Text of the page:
In Brazil itself, a splinter from the MST occupied Congress in early June over the Lula government's stalled land reform and its failure to find homes for 400,000 families by 2006. Deepening links between the MST in Bolivia and Brazil show the potential to take on the landowning elite.

4. US relatively powerless

The western media was predictably hysterical in its response to Bolivia's decree. The Wall Street Journal lamented that “abrogation of contracts” had become the latest “Latin craze.” The Los Angeles Times went further: “Morales put his head in an oven this week and turned on the natural gas. There are only two likely outcomes: an explosion that ends his political career—or a slow suffocation for his people.” And New York's Newsday grouped Bolivia with Cuba and Venezuela in an “Axis of Idiocy” and asserted that “nationalization of major industries has proved to be a road to economic ruin in an era of globalization.” [12]

More recently, the Bush administration recently broke its silence on Bolivia that it had kept following Morales' inauguration in January. Responding to a question about his strategy regarding 'unfriendly' oil-producing countries like Venezuela and Bolivia, Bush, said "Let me just put it bluntly, I'm concerned about the erosion of democracy in the countries you mentioned". But unlike Bush, whose victory in Florida in 2000 was dubious at best, Morales won in a landslide last December—on a platform of nationalising hydrocarbons and setting up a Constituent Assembly to transform Bolivia’s constitution. Bolivian foreign minister David Choquehuanca responded: “We are creating a participatory democracy and the world knows it. I don’t understand how the United States can say democracy is eroding...”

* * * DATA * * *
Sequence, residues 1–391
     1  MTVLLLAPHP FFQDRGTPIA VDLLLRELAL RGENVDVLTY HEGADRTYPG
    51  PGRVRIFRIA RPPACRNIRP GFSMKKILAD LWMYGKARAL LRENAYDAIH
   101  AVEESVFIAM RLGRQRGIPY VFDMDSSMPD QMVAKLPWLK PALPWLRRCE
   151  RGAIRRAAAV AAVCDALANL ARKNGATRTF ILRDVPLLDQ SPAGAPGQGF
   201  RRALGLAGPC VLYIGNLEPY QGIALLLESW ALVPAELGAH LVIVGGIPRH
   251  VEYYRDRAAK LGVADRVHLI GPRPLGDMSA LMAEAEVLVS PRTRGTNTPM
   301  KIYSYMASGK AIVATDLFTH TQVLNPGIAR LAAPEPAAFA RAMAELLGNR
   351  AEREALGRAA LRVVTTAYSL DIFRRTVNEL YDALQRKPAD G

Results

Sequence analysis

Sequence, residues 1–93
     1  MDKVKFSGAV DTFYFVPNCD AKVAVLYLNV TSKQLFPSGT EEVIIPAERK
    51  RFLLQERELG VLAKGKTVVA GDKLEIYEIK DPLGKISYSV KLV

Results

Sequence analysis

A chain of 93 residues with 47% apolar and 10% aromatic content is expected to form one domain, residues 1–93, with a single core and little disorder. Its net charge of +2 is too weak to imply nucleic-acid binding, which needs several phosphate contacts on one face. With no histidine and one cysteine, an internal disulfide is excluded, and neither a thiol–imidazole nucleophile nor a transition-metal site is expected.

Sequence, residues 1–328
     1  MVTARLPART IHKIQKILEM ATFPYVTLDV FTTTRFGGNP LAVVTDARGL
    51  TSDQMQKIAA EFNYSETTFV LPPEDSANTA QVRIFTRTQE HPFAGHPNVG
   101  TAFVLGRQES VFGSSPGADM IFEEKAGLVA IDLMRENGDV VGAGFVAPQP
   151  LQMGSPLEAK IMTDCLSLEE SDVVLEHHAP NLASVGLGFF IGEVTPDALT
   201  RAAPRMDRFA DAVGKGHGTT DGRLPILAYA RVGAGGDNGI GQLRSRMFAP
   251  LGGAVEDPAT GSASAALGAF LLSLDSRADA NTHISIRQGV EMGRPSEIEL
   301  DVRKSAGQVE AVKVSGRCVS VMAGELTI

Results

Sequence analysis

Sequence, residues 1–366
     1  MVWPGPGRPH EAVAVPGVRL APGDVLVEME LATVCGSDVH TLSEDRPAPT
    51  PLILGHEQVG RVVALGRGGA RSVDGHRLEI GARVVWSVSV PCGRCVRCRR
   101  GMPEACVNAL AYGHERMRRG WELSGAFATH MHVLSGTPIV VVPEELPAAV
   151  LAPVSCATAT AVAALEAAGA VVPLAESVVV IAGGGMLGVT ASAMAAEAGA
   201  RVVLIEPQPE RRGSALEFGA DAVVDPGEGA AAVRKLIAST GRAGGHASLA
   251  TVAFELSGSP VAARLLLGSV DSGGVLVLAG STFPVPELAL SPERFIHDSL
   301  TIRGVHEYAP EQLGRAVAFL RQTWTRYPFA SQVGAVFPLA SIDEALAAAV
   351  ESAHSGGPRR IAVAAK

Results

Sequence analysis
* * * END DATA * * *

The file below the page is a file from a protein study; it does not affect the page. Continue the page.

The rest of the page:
Condoleezza Rice has called for a front to resist the rise of "demagoguery" in South America. During a visit to the coca growing region of Chapare, Hugo Chávez, the target of a US-inspired coup in April 2002, warned Morales to be ready for a similar treatment. [13] Yet, bogged down in Iraq, the US for once seems powerless in South America, despite having troops in Colombia bordering Venezuela, and in Paraguay next to Bolivia. It is immensely relieved that more US-friendly candidates won recent elections in Colombia and Peru. But with almost every other nation being broadly "left", US strategy now must centre on trying to pull the “reasonable left” away from Chávez, Morales and Castro.

Yet even moderate social democrats won't necessarily bow to Washington in the current climate. Despite bitter exchanges with Chávez during Peru's election campaign, new President Alan Garcia has already said he will revisit the bilateral Free Trade Agreement with the US signed by his predecessor.

And Chilé’s new President Michelle Bachelet says she thinks Bolivia’s nationalisation could be beneficial to the continent. Just after May 1, she said: "What we have witnessed in these countries (Bolivia and Venezuela) is that they are looking for governments and leaders that will work to eradicate poverty and eliminate inequality.” Returning the compliment, Chávez described her as “an extraordinary human being, an extraordinary friend. Woman, socialist, ‘allendista.’ We are with her. I am a ‘michellista’”.